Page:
1. It’s not one book, but a collection of books, written over thousands of years by many authors from a range of geographies and cultural backgrounds, and yet it has a very high degree of internal consistency. How’s that? Even if you asked five people who all witnessed the same football match to recall it a month later you would have different perspectives and details brought to mind. To me, it carries a lot of weight that something like the collection of books in the Bible can be so consistent in and of itself.  But if you then compare it to the reliability of other ancient writings, it becomes even more striking – factors such as the short time gap between events and when they were recorded, the number of original copies, the accuracy of translations and scribing over time all point to the conclusion that the Bible is basically the most reliable historical document ever.
  2. There are numerous and increasing numbers of archaeological finds that confirm the events depicted in the Bible. So much so that it’s used by archaeologists at the Smithsonian Institution (and other significant non-religious organisations) as a reference book to support their studies of the ancient world. The reputation of the Institution would surely influence their choice of source material, wouldn’t it? This quote from the Department of Anthropology is pretty unequivocal: “Much of the Bible, in particular the historical books of the old testament, are as accurate historical documents as any that we have from antiquity and are in fact more accurate than many of the Egyptian, Mesopotamian, or Greek histories. These Biblical records can be and are used as are other ancient documents in archaeological work. For the most part, historical events described took place and the people’s cited really existed.”  OK, so some people might come back at me on that one and say, “They didn’t say ‘all of the Bible‘ is accurate.” Correct – they said “most” – and the general understanding of that word is ‘the greater part’ of or ‘the majority of’.  Apparently, the Institution were asked the same question about another ‘religious book’ (which I won’t name, but a Google search will find it for you), and they gave a very different answer, saying there is ”no direct connection between the archaeology of the world and the subject matter of the book.'”  A very different conclusion, I think you’ll agree! Unless they had a bunch of work-shy temping archaeologists on a shift for their analysis of the second book, I’m assuming they applied the same rules of intellectual rigour to both? So, the same archaeologists that use the Bible as a historical reference book, have never located the cities, people, names, or places mentioned in this other book, but they have in the Bible. Interesting.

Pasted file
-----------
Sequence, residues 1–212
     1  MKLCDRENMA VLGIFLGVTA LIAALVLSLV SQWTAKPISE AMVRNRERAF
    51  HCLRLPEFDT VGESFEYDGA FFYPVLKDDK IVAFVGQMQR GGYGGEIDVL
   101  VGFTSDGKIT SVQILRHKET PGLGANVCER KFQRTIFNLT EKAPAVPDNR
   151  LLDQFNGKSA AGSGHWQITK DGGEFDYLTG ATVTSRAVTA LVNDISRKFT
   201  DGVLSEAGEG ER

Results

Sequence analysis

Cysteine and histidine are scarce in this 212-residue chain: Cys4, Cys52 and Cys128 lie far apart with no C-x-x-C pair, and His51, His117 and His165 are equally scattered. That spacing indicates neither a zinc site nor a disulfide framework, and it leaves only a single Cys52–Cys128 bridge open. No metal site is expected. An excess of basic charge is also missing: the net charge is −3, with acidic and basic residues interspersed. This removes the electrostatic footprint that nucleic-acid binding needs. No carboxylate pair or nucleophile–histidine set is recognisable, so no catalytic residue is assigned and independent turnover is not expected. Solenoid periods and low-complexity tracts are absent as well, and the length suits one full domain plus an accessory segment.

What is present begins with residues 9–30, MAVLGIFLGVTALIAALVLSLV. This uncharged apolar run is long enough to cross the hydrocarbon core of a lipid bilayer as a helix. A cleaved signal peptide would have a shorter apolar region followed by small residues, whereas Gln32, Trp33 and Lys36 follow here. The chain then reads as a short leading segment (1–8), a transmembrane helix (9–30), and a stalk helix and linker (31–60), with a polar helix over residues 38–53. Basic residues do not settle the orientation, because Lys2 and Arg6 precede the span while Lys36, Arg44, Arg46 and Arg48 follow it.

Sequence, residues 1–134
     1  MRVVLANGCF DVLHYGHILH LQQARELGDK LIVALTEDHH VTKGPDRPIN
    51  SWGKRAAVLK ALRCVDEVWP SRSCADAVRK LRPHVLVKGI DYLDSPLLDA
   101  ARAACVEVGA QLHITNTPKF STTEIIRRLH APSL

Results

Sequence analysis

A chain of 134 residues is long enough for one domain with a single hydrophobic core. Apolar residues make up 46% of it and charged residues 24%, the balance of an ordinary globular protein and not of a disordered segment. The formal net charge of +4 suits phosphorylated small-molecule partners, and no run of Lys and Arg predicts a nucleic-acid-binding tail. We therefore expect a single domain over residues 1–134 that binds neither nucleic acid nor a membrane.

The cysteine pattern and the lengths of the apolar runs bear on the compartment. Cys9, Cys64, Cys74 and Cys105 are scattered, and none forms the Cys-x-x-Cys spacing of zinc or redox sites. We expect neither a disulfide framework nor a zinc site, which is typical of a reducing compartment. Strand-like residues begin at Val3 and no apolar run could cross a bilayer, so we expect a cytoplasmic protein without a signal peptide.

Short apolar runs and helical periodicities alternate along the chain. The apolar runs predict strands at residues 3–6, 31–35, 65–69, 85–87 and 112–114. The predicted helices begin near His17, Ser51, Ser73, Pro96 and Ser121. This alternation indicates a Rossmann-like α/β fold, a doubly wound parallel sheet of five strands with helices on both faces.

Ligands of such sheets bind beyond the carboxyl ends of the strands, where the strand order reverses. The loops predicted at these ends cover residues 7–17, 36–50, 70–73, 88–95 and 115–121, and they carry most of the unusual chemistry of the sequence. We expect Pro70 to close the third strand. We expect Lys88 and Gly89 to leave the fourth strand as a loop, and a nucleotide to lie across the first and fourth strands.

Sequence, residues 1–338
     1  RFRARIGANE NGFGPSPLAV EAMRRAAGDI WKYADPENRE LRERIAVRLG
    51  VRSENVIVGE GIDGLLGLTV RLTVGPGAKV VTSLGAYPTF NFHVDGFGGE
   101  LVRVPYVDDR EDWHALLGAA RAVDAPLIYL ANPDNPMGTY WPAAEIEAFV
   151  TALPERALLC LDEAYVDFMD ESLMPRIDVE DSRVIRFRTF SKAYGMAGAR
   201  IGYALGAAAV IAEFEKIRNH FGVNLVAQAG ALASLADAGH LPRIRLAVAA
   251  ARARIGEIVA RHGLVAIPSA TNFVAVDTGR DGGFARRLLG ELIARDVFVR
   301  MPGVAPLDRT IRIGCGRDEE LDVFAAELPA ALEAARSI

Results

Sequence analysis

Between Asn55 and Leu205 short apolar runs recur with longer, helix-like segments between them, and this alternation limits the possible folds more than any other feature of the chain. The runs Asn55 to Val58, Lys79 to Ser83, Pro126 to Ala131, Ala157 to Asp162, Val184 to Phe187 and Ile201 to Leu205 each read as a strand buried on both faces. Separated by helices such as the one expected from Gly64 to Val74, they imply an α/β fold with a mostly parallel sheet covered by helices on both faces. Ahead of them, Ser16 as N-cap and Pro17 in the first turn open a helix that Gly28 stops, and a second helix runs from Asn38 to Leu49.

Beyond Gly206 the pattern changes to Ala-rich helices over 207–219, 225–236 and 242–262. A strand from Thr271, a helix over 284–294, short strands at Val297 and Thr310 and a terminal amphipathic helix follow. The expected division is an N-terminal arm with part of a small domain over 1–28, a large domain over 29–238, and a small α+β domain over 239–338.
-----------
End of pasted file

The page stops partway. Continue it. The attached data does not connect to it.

3. Following on from the above point, there are also many finds that refute the criticisms levelled at the bible years ago – to quote ICR, “critics have long been silenced by the archaeologist’s spade, and few critics dare to question the geographical and ethnological reliability of the Bible. Nothing exists in ancient literature that has been even remotely as well-confirmed in accuracy as has the Bible.” In my meanderings online to research this post, I found lots of stories about academics who had started out to unravel the Bible’s credibility as a history book, and ended up concluding the opposite! Sir William Ramsay and Josh McDowell to name two better-known examples.  Josh McDowell makes a the point in his book ‘The New Evidence‘, that there is a “desire on the part of many to apply one standard or test to secular literature and another to the Bible. One must apply the same test, whether the literature under investigation is secular or religious. Having done this, I believe … the Bible is trustworthy and historically reliable”.